Breonna Taylor, a 26-year-old EMT worker in Louisville, Kentucky, who dedicated her life to helping others live was shot and killed by police in March when officers executed a search warrant at her home.
Taylor, who family and friends describe her as kind, hardworking and honest, had worked at two area hospitals and aspired to further her career in health care.
As an EMT, she responded to 911 calls for emergency medical assistance, such as cardiopulmonary resuscitation (CPR) or bandaging a wound. She also assessed patient’s conditions and determined various courses of treatment. She provided first-aid treatment and life support care to sick or injured patients.
“She had a whole plan on becoming a nurse and buying a house and then starting a family. Breonna had her head on straight, and she was a very decent person,” her mother, Tamika Palmer said. “She didn’t deserve this. She wasn’t that type of person.”
Shortly after midnight on March 13, 2020, Louisville police entered the apartment of Breonna Taylor and Kenneth Walker using a battering ram to force open the door. The police were investigating two men they believed were selling drugs at a home far from the apartment. The Taylor/Walker home was included in a signed “no-knock” search warrant because of a claim that one of the men used it to receive packages. The suspected drug dealer had allegedly been seen walking into Taylor’s apartment one January afternoon with a USPS package before leaving and driving to a known drug house, and the warrant claimed that a US Postal Inspector confirmed that the man had been receiving packages at the apartment. Postal Inspector Tony Gooden has said that he never spoke to LMPD about this issue and would not have been able to supply that information anyway. Warrants such as these have become commonplace during the War on Drugs, as have multiple instances of stray bullets hitting unintended targets and innocent people being killed and wounded.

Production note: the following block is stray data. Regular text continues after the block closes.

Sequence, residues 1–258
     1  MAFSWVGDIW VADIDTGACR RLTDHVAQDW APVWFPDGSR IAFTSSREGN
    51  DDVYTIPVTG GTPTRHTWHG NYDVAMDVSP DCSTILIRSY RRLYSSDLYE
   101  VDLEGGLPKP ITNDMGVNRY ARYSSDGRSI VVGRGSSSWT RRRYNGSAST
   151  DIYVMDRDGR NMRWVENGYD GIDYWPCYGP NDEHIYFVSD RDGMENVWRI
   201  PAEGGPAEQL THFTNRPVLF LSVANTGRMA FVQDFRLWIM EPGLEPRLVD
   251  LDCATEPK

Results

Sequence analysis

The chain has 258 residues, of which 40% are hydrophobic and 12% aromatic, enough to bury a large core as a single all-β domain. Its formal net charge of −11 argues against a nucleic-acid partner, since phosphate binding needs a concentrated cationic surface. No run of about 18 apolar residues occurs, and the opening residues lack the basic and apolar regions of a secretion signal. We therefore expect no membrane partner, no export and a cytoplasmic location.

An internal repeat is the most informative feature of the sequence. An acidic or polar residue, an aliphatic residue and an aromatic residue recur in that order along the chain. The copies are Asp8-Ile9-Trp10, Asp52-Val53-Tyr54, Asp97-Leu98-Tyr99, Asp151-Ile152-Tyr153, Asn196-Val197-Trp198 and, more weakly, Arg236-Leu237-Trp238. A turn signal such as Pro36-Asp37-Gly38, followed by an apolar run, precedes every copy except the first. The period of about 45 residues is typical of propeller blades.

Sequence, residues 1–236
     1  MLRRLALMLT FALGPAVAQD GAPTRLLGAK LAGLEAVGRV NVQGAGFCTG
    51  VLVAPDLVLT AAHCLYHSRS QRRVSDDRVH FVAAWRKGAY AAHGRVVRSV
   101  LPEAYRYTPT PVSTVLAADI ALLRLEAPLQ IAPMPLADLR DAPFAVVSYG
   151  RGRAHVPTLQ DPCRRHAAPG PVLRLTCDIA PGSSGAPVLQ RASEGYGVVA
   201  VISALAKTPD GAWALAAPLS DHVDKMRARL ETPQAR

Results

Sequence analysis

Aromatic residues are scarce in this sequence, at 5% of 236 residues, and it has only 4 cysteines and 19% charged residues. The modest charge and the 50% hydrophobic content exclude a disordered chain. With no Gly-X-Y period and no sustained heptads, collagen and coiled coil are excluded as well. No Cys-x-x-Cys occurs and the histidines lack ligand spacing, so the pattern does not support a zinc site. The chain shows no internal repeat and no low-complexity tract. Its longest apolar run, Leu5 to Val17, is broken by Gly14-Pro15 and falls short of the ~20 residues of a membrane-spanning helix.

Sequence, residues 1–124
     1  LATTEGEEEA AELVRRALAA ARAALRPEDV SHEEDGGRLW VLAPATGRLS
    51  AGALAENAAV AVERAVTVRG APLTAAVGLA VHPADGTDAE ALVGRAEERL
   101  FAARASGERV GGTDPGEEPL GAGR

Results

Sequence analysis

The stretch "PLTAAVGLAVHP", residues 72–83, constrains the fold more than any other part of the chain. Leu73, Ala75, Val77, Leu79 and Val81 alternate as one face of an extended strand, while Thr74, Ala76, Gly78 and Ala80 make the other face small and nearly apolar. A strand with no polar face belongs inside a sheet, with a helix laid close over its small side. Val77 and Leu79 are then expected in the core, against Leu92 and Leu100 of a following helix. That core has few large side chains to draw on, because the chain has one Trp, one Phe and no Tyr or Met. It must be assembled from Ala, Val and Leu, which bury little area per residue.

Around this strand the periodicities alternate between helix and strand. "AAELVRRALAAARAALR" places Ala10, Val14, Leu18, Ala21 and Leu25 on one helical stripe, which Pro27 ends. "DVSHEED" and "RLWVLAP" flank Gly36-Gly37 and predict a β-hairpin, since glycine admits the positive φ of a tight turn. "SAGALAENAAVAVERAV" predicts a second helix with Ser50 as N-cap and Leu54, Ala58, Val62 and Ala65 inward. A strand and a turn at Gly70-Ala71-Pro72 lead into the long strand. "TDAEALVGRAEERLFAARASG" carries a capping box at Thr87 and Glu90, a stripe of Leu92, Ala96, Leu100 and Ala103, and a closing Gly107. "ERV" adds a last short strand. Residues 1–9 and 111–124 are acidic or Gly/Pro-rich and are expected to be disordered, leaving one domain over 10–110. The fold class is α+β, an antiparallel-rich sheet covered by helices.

Despite the “no-knock” warrant allowing officers not to announce themselves while entering, Louisville police claimed they announced themselves while entering the home after knocking several times and saying they were Louisville police officers with a search warrant. Neighbors and Taylor’s family dispute this claim, saying there was no announcement and that Walker and Taylor believed someone was breaking in, causing Walker to act in self-defense. Walker said in his police interrogation that Taylor yelled multiple times, “Who is it?” after hearing a loud bang at the door, but received no answer, and that he had armed himself as they had heard no response.
Walker is a licensed firearm carrier. He then shot first, striking a police officer in the leg; in response, the officers opened fire with more than 20 rounds, hitting objects in the living room, dining room, kitchen, hallway, bathroom, and both bedrooms. Taylor was shot at least eight times and died. Walker was arrested and charged with attempted murder on a police officer and assault, having allegedly shot one officer. The officer underwent surgery, according to the Courier-Journal. According to anonymous sources who spoke to…